Traders are asked to price financial assets all day every day. Sometimes this is easy and mechanical. Information about the asset is well understood and embedded in past prices. Past prices are very recent and very plentiful. There is a wide consensus about the value of the asset. All the trader needs to do now is account for the new information he has. That new information might be as basic as someone who wants to buy or sell some incremental amount of the asset for some reason.
Other times the task is incredibly difficult. There is significant new information about the asset, but the implications of that information are not yet well understood or well agreed upon by the market. The event is unprecedented, and the asset has almost no history of trades.
The news may be good. A successful private company wants to enter the market with its first publicly traded asset. Fortunately for our trader, there is a well-worn path to figure out a price. And there is ample time to do so. A roadshow is scheduled. Meetings with potential investors are held. Financial information is shared. Price negotiations are entered into. And indications of interest are gathered. At the end of this process a market clearing price is determined. Despite the time and information sharing, sometimes the result is unsatisfactory. The asset might immediately trade higher causing the seller to regret leaving money on the table (though sometimes this is by design). Or the price might immediately decline causing the buyer to suffer remorse. But generally, this long, thoughtful process yields satisfactory results for all parties.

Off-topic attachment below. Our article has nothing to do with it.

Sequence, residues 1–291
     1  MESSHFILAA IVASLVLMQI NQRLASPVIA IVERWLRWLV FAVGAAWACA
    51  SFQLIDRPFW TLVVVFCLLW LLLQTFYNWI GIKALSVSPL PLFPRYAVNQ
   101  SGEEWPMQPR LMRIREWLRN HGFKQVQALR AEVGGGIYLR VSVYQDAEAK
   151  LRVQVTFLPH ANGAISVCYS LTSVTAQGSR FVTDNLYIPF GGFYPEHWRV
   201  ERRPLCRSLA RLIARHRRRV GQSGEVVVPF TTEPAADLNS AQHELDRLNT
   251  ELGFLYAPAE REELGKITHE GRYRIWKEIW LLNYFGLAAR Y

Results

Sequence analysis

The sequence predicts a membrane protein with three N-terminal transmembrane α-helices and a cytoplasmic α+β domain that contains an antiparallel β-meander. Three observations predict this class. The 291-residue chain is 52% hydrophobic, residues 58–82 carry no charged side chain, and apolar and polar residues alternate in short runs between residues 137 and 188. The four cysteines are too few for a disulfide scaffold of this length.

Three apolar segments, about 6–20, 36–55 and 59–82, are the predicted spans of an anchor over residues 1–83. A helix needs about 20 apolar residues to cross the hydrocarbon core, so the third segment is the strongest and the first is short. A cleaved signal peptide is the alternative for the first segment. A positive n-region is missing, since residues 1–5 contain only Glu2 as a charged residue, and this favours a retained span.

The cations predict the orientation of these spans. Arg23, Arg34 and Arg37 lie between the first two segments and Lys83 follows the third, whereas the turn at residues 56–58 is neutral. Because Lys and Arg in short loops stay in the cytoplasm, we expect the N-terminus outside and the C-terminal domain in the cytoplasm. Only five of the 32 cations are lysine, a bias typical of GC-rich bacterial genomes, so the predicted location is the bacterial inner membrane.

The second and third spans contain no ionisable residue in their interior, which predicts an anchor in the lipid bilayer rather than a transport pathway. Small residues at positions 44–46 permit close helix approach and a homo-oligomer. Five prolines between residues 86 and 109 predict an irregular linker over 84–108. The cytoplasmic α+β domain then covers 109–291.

Or the news may be bad. It may be a binary event that has been understood to be a possibility, a drug trial may have failed. Or it may come as completely unexpected news with many possible future states for the financial asset all with varying degrees of probability. A town that has issued municipal bonds may have tragically burned to the ground (Paradise, CA). Or those same fires may have created a liability for a public utility that it is unlikely to be able to meet (PG&E). There may be extended negotiations, legislative intervention or
government aid available, but all those things take time and are for traders in the future to consider. Right now, our traders phone has rung, and a client has demanded a price. How does our trader price uncertainty?
The answer to that question is often revealed in the bid/ask spread for the asset. In the face of uncertainty, the trader will typically widen the spread between their bid and their offer. In equities, where spreads are available on a pre-trade basis, the measurement of this effect is relatively straight forward. In bonds, where pre-trade transparency is not the norm, it can be more difficult to measure.